The Hand You’re Dealt by Levi Black
Today I’m excited to get to share a first with you: flash fiction :D. Levi Black’s full-length novel Red Right Hand, is out now! To get an idea of Black’s style, check out his flash fiction “The Hand You’re Dealt” below.
THE HAND YOU’RE DEALT
By Levi Black
Used with permission, all rights reserved.
The air was heavy with lamp soot, coal dust, tobacco smoke, and the damp mist of unwashed humanity. It clung to the inside of his throat, making it tickle, exacerbating his cough.
He took another sip of whiskey.
The finest spirits they had in the saloon.
Still killed the cough before it could hitch his lungs and make them fold in on themselves and squeeze out a fine mist of blood.
The long slender fingers of his other hand tapped the deck of cards on the table in front of him.
“I’m willing to play.”
He looked up at the voice that was soft but heavy enough to carry through the din of Friday night at the Buckboard Saloon. Payday for the men who worked the local coal mine. And for the soiled doves who fluttered among them, seeking to relieve them of their hard-earned company coin.
The voice had fallen from a man of an enviable height, dressed as a circuit preacher does, dark and dour, unrelieved black save for the stiff-starched white of the shirt that gleams like a beacon to all lost sinners.
But this man’s shirt was red, as red as the blood from his lungs.
Still, a hand of cards would pass the hour.
Kill time where you can, for it’s surely killing you.
His chest hitched.
To cover it, he sat up and motioned for the man to take the chair across from him.
The moment the man slid his legs under the table, the room seemed to dim, to muffle.
The skin on the back of his neck prickled as if someone had run their tongue across it.
The Man In Black smiled. There were too many teeth.
“What game would you like to indulge in, John Henry Holliday?”
“Sir, what permission did I give to allow such familiarity that you would use my full name?”
The Man In Black shrugged. “Knowledge demands usage.”
“My name is my own and if I do not allow it to pass my own lips, I surely would not grant you leave to allow it over yours.”
“It is not often I find someone so . . . flawed yet aware of their rights and privileges so well.”
“I am nothing if not a man of privilege, sir.” His chest tightened. So much speaking made them feel as if they were straining liquid through them.
“Please, call me . . .”
“I did not ask for, nor do I desire, your name.”
“You are a strange one. Your kind have killed and died and destroyed each other to learn my name and yet you refuse even the courtesy.”
Doc Holliday allowed a smile to tug at his lips. “Knowledge demands usage.”
The Man In Black leaned back in his chair. “Then we are back to my original question. What game shall we indulge in this eve?”
“What stakes are on the table?”
“Does that truly matter?”
“You know it does.” He reached for his glass of whiskey. A cough escaped before he could take a sip. He caught the blood in his palm.
The Man In Black’s eyes glittered. “What game would be suitable for a pair of lungs that were clear as church bells on a winter’s morn?”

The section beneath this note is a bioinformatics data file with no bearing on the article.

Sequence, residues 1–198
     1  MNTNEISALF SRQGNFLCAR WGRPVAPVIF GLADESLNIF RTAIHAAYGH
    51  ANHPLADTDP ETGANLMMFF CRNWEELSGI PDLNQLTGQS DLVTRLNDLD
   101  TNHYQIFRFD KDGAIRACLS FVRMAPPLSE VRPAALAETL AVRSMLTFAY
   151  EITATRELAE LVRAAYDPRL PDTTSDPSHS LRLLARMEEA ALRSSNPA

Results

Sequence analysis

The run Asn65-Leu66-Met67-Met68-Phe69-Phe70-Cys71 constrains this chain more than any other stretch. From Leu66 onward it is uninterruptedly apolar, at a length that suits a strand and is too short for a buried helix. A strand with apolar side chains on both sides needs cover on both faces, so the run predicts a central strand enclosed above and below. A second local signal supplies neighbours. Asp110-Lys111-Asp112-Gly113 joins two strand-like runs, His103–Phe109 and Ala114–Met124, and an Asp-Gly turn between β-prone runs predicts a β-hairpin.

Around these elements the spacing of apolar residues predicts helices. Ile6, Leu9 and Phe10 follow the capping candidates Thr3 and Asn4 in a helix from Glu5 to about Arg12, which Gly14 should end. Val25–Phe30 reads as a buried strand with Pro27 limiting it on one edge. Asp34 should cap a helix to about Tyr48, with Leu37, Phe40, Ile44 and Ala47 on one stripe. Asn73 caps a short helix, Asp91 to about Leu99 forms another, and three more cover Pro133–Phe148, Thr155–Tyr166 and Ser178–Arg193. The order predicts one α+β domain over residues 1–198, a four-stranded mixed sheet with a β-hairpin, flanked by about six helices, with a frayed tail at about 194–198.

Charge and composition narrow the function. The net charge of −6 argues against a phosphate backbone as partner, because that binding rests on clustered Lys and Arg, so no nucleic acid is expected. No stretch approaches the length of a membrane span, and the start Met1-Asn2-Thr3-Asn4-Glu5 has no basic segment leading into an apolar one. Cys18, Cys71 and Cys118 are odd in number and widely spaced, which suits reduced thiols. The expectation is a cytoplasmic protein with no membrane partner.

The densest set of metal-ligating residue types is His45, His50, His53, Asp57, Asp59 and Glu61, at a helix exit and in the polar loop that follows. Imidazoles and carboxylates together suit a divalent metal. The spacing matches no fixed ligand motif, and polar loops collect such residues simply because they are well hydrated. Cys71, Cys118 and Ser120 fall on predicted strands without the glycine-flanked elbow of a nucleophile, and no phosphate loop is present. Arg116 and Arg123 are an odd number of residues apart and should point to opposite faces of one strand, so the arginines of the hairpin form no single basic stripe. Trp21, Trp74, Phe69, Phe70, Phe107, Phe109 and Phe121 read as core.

He took a sip and the harsh liquid washed hit throat clear of the tickle. “I have my medicine.”
“Tis a temporary thing.”
“So am I, sir.”
The Man In Black tilted his head in acknowledgment of the truth. “We have agreed upon a game of some form, why not make it for the highest stakes?”
“I may lose.”
“Do you lose often?”
“More often than I prefer.”
“You may very well win.”
“Not if the game is rigged.”
“They are your cards.”
“Then you would deal.”
“Are you attempting to offend my honor as a gambler?”
“As a gambler? No.”
“I have no need to lie or cheat you.”
He thought about it, watching the Man In Black closely, trying to read the honesty in his night black eyes. His chest tightened a little with each heartbeat, the tickle dangling somewhere in the middle of his esophagus like a worm on a hook, waiting to catch his diaphragm and pull it up. That morning he’d woken deaf, the world silent around him.
His ears had filled with blood he’d coughed up during the night, too drunk to turn and spit it clear, and dried into hard plugs.
The tickle shook on its line and he gurgled.
“Deal the cards.” he wheezed “One hand. Five card stud.”
“The stakes as stated?”
He nodded, tossing back the rest of the whiskey.
The Man In Black took up the well-worn cards. A quick shuffle and they flew in alternating streams forming piles in front of them.
Ten cards and done in the blink of an eye.
John Henry ‘Doc’ Holliday choked down the tickle and picked up his hand.
Aces and eights.
The cough hit so hard it felt like a shotgun blast to his guts, folding him over the table as wet clots, like tiny pieces of chopped liver, spattered the rough wood of the table.
The Man In Black smiled.
About the Author
Levi Black is the author of Red Right Hand (Tor Books, on sale July 26th). He lives in Metro Atlanta with his wife and an array of toys, books, records, and comics. He’s been weird his whole life and is almost as scary as he looks.
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